Haunted by missed chances, Reds fall in St. Louis

Cingrani finds trouble in first inning; rally in ninth too little, too late

Haunted by missed chances, Reds fall in St. Louis

ST. LOUIS -- The Major League season is certainly a marathon, but the Reds are barely away from the starting line and have already seen their course littered with empty rallies and lost opportunity.

Pushing runs in during clutch time has already eluded the Reds early and often, and Monday's 5-3 defeat to the Cardinals for a 2-5 record to start 2014 was no different.

"We just have to come back tomorrow and regroup and continue to play," said Reds catcher Brayan Pena, a bright spot who went 3-for-4 with two doubles. "Those guys [the Cardinals] play good baseball. They play pretty good at home."

Hitting .224 as a team through seven games, three core players in Brandon Phillips, Joey Votto and Jay Bruce combined to go 0-for-9 in the game. The club, which entered the day batting .200 with runners in scoring position, improved on that by going 4-for-12 in the game, but two hits and two runs crossed in the ninth against Trevor Rosenthal in a non-save situation.

"These are the guys that, when the season is over, they're going to have their numbers," Reds manager Bryan Price said. "They will be the performers that we know they are. Right now, almost collectively, we've struggled to do anything with guys in scoring position and have any sustained rallies. That will change, but it's tough to sit through it."

What hurt most came at the start of the game. Cincinnati put the leadoff man on base against Cardinals starter Michael Wacha in each of the first four innings, only to put zeros on the scoreboard.

In the top of the first, Billy Hamilton snapped his 0-for-12 skid to begin the season with a leadoff double to right field. Phillips gave up an out when he sacrifice bunted and moved Hamilton to third base. It led to the fizzling of a rally as Hamilton ran on contact when Votto grounded to second base and was out in a rundown on the fielder's-choice play. Bruce struck out to end the threat.

Price explained that Phillips bunted on his own, but the skipper was also looking for one early run against Wacha, who came in with 16 2/3 scoreless innings in his brief career vs. the Reds.

"We know they've been tough to score against. We wanted Brandon to move him," Price said. "It didn't have to be through the bunt. He could try to drive one through the right side. He wanted to make sure he got the job done, and he pushed the ball over there to the right side and got the job done. I think it's always nice to try to get on top, to try to get that first run. It didn't work out for us, but he's a very good performer in that situation, a very effective bunter and good at moving guys over. And he did his job."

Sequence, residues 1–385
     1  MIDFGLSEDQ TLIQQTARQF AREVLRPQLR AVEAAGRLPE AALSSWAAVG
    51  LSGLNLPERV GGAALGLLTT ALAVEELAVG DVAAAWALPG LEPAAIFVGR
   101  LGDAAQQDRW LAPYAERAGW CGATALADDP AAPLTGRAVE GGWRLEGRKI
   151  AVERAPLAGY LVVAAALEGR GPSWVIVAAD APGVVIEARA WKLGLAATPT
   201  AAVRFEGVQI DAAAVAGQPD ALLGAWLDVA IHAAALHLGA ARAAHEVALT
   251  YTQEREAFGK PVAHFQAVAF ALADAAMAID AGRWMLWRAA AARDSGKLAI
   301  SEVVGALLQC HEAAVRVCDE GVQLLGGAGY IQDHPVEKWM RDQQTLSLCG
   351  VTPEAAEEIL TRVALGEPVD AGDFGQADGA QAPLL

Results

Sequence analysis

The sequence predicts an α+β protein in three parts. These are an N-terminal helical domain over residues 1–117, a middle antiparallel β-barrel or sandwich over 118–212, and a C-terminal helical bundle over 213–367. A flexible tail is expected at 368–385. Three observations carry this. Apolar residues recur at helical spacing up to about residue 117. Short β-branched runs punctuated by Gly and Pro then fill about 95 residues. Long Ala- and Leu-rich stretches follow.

Both of the second and third innings ended with the Reds grounding into double plays.

Reds starter Tony Cingrani pitched four innings and racked up 88 pitches quickly. Cingrani gave up three earned runs and three hits -- all in the first inning -- while he walked four and struck out five. He remains the only pitcher in Major League history to begin his career with 20 starts without allowing more than five hits in a game.

"I didn't have my fastball, so what are you going to do? I just tried to battle," said Cingrani.

Cingrani's biggest battle would be the bottom of the first inning as St. Louis jumped to a 3-0 lead. The first three batters reached on two hits and a walk before Yadier Molina's bases-loaded double to the left-field wall.

"It was a tough way to start the first inning," Price said. "It looked like Tony might get a little momentum and get out of that with a little bit less damage. Molina is a tremendous player and a great hitter. He had to make good pitches to him, and he left one just a little too much on the plate, and he was able to drive it between the outfielders for a three-run double."

St. Louis did not notch another hit against Cingrani, who hung in there even as he allowed three walks over the next three innings. On Wednesday -- in the Reds' 1-0 win over the Cardinals, during which he had a no-decision -- Cingrani gave up two hits over seven innings. This time, the Cards were more patient.

"We know he's a solid pitcher," Cardinals manager Mike Matheny said. "After he got through that first one, he looked pretty good there for a while, too. He worked into deep counts as well, but we had a good approach."

With one out in the fifth inning, Pena hit his second double of the day. Pinch-hitting for Cingrani, Roger Bernadina delivered an RBI double to the right-field wall to make it a two-run game. Bernadina's hit snapped Wacha's scoreless streak vs. Cincinnati at 21 innings.

Although Nick Christiani followed Cingrani with two scoreless innings of relief, the Cardinals opened some distance with two runs and four hits off of Trevor Bell in the seventh inning. For the Reds, it proved to be the unfortunate difference in the game.

Against Rosenthal in the ninth, the Reds loaded the bases with no outs on two walks and a Todd Frazier single. Zack Cozart snapped an 0-for-22 streak to begin the season with an RBI single to center field. A one-out sacrifice fly by Neftali Soto made it a two-run game before Hamilton flied out to end it.

Mark Sheldon is a reporter for MLB.com. Read his blog, Mark My Word, and follow him on Twitter @m_sheldon. This story was not subject to the approval of Major League Baseball or its clubs.